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Little Island: US$260m park on stilts opens above New York’s Hudson River | Planet Attractions

news

Little Island: US$260m park on stilts opens above New York’s Hudson River

Little Island is the latest and possibly most impressive addition to the New York City park catalogue




Media mogul Barry Diller and his wife Diane von Furstenberg helped to fund the US$260m development   Credit: Heatherwick Studios

New York is celebrating the launch of one of its first new public spaces since the start of the pandemic, with the opening of the Heatherwick Studio-designed ‘Little Island’.

Developed at a cost of US$260m (€212.8m, £183.6m), the unique greenspace sits to the west of Manhattan above the Hudson River, with the park suspended above the water on concrete stilts.

Located close to the southern end of the city’s famous High Line, the park itself is connected to the mainland via two small bridges and features 540m (1,770ft) of winding pathways that lead to a number of viewpoints and performance spaces, including an amphitheatre.

In addition to Heatherwick Studio, global engineering firm Arup and New York-based landscape architects MNLA helped in the development of the 9,700sq m (104,500sq ft) attraction.

CREDIT: HEATHERWICK STUDIOS


The amphitheatre, designed by Standard Architects, is one of three performance venues, with the space capable of hosting up to 700 people and using the river as its backdrop. A larger central space can hold up to 3,500 people, while a smaller ‘spoken-word stage’ has capacity for up to 200.

MNLA selected 400 different species of plant and 100 types of tree for the greenspace, with the trees and shrubbery planted strategically to stop visitors being buffeted in windy conditions. The park also features lawns for visitors to sunbathe on in warmer weather.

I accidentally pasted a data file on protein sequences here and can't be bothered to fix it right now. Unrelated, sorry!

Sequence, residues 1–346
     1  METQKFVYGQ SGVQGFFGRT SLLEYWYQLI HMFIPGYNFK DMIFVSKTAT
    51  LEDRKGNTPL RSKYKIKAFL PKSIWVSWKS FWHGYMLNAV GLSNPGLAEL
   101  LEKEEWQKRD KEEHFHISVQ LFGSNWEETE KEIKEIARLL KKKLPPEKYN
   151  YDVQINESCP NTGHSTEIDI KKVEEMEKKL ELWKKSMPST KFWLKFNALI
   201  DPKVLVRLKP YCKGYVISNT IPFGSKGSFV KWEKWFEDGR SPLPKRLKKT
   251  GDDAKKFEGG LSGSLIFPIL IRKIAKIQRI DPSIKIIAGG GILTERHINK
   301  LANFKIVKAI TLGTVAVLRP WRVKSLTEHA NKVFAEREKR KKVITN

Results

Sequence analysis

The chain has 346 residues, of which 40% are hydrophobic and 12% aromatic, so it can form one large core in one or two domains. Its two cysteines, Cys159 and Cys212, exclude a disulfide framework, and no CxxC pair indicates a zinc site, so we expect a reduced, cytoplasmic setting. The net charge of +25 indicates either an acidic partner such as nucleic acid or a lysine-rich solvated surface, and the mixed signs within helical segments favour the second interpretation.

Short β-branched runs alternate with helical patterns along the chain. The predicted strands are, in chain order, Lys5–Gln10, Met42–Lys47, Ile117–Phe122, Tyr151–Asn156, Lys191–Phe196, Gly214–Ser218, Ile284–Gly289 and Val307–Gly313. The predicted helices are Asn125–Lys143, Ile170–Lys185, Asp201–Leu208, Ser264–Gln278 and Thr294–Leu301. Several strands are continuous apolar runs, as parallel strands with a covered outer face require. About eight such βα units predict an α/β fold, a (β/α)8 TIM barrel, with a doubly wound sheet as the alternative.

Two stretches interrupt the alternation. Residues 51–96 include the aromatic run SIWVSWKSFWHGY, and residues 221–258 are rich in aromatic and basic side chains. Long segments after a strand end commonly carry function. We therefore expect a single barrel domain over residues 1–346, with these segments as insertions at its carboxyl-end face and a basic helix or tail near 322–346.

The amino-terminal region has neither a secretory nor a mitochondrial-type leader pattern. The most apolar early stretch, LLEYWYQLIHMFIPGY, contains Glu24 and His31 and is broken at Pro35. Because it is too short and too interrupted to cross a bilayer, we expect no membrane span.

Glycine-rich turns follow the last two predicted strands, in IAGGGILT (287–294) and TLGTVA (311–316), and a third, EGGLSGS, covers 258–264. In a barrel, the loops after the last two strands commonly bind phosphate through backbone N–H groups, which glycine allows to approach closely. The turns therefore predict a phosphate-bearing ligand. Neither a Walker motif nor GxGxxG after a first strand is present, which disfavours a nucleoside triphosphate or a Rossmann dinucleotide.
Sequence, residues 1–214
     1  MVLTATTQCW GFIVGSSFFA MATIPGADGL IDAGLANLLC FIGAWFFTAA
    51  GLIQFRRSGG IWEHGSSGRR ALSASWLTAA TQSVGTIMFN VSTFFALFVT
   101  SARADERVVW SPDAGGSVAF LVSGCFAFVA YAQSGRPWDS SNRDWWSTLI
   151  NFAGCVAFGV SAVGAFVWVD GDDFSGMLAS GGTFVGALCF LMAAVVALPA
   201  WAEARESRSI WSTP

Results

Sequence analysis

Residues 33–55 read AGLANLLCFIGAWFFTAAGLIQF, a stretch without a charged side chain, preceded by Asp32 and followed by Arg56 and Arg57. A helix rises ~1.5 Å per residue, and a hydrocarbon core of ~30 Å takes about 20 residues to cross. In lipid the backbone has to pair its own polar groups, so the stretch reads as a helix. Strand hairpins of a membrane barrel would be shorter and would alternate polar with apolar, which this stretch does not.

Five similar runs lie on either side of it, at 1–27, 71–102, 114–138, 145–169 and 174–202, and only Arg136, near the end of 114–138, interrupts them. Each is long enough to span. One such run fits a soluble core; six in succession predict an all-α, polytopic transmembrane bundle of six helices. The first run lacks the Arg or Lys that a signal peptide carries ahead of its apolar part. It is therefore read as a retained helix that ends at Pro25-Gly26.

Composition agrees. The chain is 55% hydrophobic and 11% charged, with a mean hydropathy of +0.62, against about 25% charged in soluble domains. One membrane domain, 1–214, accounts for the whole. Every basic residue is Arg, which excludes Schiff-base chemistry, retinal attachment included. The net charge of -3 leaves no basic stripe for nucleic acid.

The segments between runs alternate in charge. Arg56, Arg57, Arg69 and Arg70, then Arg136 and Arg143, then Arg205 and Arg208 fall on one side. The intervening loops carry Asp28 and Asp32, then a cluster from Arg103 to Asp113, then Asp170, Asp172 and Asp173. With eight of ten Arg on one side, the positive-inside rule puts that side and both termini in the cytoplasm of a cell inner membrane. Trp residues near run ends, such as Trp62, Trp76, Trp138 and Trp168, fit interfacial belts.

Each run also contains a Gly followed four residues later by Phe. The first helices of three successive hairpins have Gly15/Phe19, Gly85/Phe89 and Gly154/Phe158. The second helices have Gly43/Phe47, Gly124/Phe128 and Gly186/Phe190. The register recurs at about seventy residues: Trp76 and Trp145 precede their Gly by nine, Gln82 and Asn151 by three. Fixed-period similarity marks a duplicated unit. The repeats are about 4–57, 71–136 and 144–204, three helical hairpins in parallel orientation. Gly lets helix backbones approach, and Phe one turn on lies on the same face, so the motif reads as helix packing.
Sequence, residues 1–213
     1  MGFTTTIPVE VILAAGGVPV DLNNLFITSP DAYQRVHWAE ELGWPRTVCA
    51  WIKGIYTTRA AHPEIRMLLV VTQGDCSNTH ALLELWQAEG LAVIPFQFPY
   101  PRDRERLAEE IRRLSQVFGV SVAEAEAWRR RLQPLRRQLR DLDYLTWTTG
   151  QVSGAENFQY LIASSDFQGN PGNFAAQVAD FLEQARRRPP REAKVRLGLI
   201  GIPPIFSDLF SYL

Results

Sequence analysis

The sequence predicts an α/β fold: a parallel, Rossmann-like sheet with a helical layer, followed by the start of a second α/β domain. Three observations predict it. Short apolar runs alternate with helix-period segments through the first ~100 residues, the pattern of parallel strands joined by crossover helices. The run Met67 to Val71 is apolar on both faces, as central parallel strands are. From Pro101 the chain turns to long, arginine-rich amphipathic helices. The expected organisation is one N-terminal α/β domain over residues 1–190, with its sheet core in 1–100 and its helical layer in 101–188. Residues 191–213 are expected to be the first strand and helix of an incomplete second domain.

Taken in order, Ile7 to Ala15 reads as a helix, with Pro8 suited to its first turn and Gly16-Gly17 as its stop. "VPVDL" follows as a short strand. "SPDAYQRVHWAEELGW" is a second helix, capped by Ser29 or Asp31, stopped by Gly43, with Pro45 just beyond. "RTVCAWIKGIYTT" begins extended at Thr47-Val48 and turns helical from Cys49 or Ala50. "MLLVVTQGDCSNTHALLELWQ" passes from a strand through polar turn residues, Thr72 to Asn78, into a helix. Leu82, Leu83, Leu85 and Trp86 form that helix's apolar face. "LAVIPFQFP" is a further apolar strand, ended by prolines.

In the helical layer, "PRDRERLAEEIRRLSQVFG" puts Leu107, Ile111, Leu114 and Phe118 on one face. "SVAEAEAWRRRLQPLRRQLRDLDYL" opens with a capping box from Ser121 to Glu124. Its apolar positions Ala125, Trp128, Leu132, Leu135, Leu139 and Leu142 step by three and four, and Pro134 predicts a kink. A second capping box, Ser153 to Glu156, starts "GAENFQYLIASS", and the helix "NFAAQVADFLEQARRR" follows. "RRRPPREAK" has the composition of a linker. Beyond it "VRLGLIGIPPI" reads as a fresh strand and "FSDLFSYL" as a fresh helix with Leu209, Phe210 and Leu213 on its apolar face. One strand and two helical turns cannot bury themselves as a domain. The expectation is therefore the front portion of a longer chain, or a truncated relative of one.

The park sits on top of mushroom-shaped columns, which have been made from concrete and set at different levels to create a hilly landscape within the park. According to the architects, the idea for the design came from observing the piles of the old Pier 54 that still poke out of the water and also provide a safe breeding ground for fish.

"Typically, piers are composed of structural piles that go down into the river bed with slabs that cover them to make a surface," said Heatherwick.

"However, we were inspired by these piles and the civil engineering required to build structures that are able to withstand extreme river conditions."

CREDIT: HEATHERWICK STUDIOS


Each of the 132 concrete columns can support a weight of up to 350 tonnes, and sit 61 metres below the surface of the water. Each ‘petal’ - the top of the piles - measure six metres wide and each is filled with soil. Underneath the park sits backstage facilities for the performance venues, as well as storage and maintaining areas.

Originally known as Pier 55, the project was first proposed by Heatherwick in 2014. Construction started in 2016 but was halted a year later following legal lobbying. The project found life again in 2019 under the name Little Island.

Open from 6am until 1am, the park is now open to the public and can be accessed via a free-to-purchase timed ticket.

Little Island is supported by 132 columns suspending it above the Hudson River   CREDIT: HEATHERWICK STUDIOS